Economic recovery in danger if stimulus not cut: BIS
The Bank for International Settlements warned on Monday that economic recovery is at risk of a relapse if governments do not move fast to wind down crisis stimulus programmes.
In its annual report, the global central bank body called for "immediate" steps to cut budget deficits and debt accumulation in "several industrial countries", which were not named.
The BIS said the crisis had left a "daunting legacy" especially in industralised nations, where the recovery was still fragile and uneven.
However, while support measures had prevented the worse by stifling contagion, they sapped confidence by delaying "much needed adjustments in the real economy and financial sector," it added.
"The combination of remaining vulnerabilities in the financial system and the side effects of ongoing intensive care threaten to send the patient into relapse and to undermine reform efforts," the report underlined.
"Macroeconomic support has its limits," it added.
The BIS said recent reaction of financial markets showed that those limits had been reached in several countries.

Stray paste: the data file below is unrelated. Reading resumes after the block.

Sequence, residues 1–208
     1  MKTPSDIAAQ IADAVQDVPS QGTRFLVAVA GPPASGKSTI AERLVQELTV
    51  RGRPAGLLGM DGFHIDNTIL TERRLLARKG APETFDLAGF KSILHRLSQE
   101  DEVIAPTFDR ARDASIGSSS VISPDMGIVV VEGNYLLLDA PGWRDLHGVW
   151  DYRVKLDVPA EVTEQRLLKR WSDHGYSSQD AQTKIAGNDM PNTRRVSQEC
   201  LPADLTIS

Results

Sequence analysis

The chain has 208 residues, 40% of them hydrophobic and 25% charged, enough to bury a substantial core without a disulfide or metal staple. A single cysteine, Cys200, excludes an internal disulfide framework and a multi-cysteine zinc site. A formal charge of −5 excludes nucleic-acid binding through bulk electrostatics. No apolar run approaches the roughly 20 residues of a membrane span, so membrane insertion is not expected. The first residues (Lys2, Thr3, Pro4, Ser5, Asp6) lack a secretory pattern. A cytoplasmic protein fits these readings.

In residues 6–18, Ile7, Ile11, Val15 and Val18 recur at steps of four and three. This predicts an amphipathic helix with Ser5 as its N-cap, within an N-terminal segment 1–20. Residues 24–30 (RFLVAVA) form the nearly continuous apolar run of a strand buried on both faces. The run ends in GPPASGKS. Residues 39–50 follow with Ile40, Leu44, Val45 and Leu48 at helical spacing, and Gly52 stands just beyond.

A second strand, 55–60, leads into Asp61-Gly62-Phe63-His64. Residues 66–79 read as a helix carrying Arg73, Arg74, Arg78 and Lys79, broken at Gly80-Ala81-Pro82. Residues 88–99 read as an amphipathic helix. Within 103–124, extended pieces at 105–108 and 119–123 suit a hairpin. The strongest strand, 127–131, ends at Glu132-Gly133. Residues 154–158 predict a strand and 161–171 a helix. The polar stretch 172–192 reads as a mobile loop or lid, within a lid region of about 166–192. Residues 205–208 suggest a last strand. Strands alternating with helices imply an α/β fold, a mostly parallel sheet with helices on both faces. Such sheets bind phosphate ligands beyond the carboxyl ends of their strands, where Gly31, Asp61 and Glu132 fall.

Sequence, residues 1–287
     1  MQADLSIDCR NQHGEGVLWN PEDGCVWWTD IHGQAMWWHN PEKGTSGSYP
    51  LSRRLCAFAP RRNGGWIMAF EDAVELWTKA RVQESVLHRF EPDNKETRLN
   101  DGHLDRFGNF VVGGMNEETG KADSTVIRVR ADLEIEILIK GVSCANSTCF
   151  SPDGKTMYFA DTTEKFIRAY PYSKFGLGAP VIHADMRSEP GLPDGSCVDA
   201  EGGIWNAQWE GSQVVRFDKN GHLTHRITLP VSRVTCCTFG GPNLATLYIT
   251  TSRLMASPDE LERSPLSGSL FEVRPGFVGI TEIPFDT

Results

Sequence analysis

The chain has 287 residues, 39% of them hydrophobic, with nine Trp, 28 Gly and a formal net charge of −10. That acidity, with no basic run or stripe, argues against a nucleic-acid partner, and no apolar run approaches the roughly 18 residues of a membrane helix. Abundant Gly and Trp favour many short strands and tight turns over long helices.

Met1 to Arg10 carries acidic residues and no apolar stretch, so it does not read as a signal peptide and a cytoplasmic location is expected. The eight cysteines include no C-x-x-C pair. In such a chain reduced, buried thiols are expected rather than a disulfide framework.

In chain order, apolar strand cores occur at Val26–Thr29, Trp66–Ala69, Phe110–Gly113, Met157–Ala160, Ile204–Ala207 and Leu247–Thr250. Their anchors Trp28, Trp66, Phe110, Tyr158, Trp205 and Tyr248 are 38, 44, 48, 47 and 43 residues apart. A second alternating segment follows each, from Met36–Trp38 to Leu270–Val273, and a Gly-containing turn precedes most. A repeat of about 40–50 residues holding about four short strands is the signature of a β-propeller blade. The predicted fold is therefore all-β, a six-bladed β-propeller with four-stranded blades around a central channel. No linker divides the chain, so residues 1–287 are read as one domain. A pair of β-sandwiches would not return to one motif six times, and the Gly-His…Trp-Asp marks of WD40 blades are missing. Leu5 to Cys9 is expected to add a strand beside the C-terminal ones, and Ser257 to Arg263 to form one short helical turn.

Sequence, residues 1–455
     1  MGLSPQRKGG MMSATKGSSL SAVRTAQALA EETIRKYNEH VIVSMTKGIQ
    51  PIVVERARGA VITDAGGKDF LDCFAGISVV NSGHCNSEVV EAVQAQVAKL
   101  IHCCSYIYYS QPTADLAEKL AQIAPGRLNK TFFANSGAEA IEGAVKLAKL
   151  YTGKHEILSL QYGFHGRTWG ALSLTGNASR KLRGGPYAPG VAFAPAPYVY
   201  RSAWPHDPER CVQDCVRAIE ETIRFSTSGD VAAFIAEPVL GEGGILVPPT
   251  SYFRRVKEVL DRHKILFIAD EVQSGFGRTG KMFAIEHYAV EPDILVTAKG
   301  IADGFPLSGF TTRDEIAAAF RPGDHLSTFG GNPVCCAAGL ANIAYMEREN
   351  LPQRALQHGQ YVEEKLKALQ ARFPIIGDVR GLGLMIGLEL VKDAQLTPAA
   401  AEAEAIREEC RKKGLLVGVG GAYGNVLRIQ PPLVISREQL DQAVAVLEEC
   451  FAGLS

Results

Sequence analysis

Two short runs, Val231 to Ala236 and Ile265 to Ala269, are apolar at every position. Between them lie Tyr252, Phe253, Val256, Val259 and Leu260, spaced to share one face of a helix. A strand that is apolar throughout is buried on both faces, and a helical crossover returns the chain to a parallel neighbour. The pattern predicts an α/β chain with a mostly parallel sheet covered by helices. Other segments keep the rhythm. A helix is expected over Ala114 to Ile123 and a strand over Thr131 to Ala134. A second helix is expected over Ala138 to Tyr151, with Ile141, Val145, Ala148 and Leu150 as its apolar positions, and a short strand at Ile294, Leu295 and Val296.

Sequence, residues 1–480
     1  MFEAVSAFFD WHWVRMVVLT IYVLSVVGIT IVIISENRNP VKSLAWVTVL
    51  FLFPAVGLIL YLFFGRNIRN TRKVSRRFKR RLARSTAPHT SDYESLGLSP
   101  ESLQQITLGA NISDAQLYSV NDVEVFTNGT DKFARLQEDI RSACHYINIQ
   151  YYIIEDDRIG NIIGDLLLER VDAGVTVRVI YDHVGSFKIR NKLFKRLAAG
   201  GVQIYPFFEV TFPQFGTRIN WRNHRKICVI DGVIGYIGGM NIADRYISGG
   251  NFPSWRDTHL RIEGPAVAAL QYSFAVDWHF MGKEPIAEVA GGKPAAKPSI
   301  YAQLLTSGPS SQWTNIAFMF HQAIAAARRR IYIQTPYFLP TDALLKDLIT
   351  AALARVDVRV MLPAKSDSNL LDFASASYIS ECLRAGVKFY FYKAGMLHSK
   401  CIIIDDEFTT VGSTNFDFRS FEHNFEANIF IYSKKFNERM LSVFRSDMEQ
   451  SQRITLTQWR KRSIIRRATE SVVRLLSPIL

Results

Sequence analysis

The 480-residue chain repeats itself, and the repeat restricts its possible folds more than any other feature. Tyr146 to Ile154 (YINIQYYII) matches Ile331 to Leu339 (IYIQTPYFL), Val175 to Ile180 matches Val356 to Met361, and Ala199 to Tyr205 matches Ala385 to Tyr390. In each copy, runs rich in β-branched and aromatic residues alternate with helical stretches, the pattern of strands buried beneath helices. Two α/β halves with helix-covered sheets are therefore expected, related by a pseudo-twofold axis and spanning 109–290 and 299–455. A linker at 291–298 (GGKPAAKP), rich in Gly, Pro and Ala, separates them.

The 206 page annual report was released a day after leaders of the world's 20 leading economies finished a two-day meeting with a commitment to at least halve deficits by 2013 and stabilise or reduce government debts by 2016.
Despite low inflation and the fragile economy, the BIS also hinted at a shift in monetary policy towards interest rate hikes.
"It is important to bear in mind that keeping interest rates near zero for too long, with abundant liquidity, leads to distortions and creates risk for financial and monetary stability," the report said.
The BIS also reiterated its call for fundamental reform of the financial system, including more effective regulation, at the same time as the shift in economic and monetary policy, to provide "more stable foundations" for growth.
Through last year central bankers were earnestly looking for the signals for the right moment for governments to unwind spending programmes that were implemented to dampen the crisis and stimulate a recovery.
The report also warned that banking industry was highly exposed to the the deteriorating commercial property market.
The BIS groups more than 54 major central banks.
© 2010 AFP